LAS VEGAS (KLAS)— With recent grasshopper sightings in the Las Vegas valley, many locals are concerned there may be a repeat of 2019. Grasshoppers swarming high-traffic areas, blotting out streetlights, and causing general unease to those fearful of bugs.
However, experts aren’t convinced that a repeat of the 2019 invasion is on the horizon.
“There may be a burst from the heavy monsoon rains a month ago,” said Professor Allen Gibbs of UNLV’s Department of Life Sciences, “but I do not expect millions to appear on the Strip like they did in 2019.”
What attracted them to Las Vegas?
That outbreak, Gibbs said, was most likely caused by heavy spring rains, then lots of plant growth. But, beyond plant growth, there’s something else in Las Vegas that attracts bugs by the thousands. Light.
Grasshoppers, and insects more generally, are attracted to light, particularly ultraviolet light, according to Jeff Knight, state entomologist for the Nevada Department of Agriculture. This is why Las Vegas, the brightest place on earth, is so enticing to hoards of grasshoppers.
One tip Knight gives to those fearful of swarms surrounding their homes is to replace their lights. “If you change the light to one that produces less ultraviolet, then the grasshoppers won’t be attracted to it,” Knight said.
Thousands of grasshoppers encircling a brightly lit ultraviolet light may give some people the heebie-jeebies, but is there any real danger present? Knight says no. “There’s nothing they’re really going to do to people other than be scary.”
The grasshoppers responsible for the 2019 takeover are not considered pests. They don’t carry diseases, they don’t bite, nor do they severely damage crops, all things Knight says define pests. “They’re a pest only because they’re in big numbers, not because they’re doing anything.”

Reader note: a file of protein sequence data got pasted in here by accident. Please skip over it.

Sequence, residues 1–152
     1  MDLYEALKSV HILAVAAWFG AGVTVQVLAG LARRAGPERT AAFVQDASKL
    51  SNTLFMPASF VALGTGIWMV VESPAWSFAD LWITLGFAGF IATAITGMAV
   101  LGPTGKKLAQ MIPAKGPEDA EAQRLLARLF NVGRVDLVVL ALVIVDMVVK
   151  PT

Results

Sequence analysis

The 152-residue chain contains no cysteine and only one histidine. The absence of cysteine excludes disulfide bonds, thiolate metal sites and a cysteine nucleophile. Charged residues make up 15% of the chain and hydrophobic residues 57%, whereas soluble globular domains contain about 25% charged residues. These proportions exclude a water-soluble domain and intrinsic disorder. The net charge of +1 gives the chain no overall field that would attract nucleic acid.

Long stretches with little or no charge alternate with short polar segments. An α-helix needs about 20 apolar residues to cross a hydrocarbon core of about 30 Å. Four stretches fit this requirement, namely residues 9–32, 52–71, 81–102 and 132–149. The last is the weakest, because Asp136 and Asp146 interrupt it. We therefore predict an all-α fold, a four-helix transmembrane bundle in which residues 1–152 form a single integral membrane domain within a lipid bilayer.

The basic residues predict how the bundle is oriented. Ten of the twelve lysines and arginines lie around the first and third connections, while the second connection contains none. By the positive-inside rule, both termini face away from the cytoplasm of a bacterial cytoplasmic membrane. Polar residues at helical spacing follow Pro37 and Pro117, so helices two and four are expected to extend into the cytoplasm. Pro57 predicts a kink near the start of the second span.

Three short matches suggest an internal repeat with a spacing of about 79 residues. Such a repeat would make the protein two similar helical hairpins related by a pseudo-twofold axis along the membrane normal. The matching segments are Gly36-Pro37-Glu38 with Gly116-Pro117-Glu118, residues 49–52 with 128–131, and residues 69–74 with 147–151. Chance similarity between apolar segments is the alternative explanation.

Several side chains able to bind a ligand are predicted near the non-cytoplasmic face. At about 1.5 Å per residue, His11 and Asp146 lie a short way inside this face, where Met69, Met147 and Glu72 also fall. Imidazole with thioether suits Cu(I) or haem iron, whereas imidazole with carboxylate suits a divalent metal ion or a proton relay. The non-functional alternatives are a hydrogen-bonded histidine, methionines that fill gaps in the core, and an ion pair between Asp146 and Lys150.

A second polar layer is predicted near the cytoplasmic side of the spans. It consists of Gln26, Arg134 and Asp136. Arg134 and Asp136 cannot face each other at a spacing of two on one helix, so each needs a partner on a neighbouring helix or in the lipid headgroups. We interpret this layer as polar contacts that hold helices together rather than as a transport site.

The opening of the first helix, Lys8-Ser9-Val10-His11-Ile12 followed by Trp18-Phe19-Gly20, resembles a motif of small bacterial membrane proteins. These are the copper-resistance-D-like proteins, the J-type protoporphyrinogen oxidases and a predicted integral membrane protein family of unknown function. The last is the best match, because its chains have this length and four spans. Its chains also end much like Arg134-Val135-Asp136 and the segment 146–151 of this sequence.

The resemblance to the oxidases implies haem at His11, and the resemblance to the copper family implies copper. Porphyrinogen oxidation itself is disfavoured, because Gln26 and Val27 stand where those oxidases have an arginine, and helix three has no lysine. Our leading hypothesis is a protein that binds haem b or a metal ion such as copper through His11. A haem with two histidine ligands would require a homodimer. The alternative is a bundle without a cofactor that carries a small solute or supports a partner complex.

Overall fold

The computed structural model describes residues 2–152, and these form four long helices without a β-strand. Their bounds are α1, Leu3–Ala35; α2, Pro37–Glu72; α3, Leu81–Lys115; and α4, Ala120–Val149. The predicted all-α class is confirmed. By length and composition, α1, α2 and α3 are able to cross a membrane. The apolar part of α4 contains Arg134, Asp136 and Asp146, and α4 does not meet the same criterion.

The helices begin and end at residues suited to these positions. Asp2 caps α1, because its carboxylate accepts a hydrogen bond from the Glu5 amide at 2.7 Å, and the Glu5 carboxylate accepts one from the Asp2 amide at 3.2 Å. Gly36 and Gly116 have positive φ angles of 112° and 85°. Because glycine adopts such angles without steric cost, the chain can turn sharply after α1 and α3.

Knight says that Nevada has 103 species of grasshoppers, and only nine are considered pests. But the particular species that took over the valley in 2019, as noted, are not considered such.
What exactly were they?
The pallid-winged grasshopper is what took over the Las Vegas strip in 2019. It is a common species native to the deserts of western North America.
A common misconception is that locusts were the insects swarming the valley, however, all grasshoppers are locusts, but not all locusts are grasshoppers, according to Knight.
He said locusts are grasshoppers that have undergone morphological changes, commonly resulting in bigger, longer wings.
“Locusts are basically a few species of grasshopper that can form swarms when they are overcrowded and start running out of food,” noted Gibbs.
Gibbs said the classic examples are in Africa, where they can wipe out crops over large areas.
Gibbs also mentioned that many of the current sounds and sightings may not even be grasshoppers, but rather, crickets. “From online reports and personal conversations about chirping, I think a lot of the recent buzz is about crickets,” Gibbs said. “Grasshoppers are pretty quiet, except for a buzzing sound when flying.”
Are they just a nuisance, or do they have a greater purpose?
While thousands of bugs crowding lights and people’s homes may be frightening, it’s not all bad.
For many birds, lizards, coyotes, and other animals, these insects are a valuable food source. Knight also notes that grasshoppers can be valuable sources of nutrient recycling. A process in which the bugs eat plant material that can ultimately be used by plants again.
Knight says it’s no different than using manure or compost on plants. So, despite the small size of these insects, their contribution to plant life is considerable, especially when taking into account the sheer number of them.
Will we see them again?
While many locals have already reported seeing swarms of grasshoppers, it’s nothing close to what happened three years ago.
Knight says around this time of the year, the adults are dying off, but have laid their eggs. The eggs usually hatch in spring. So, whether we’ll see a repeat in 2023 has yet to be determined.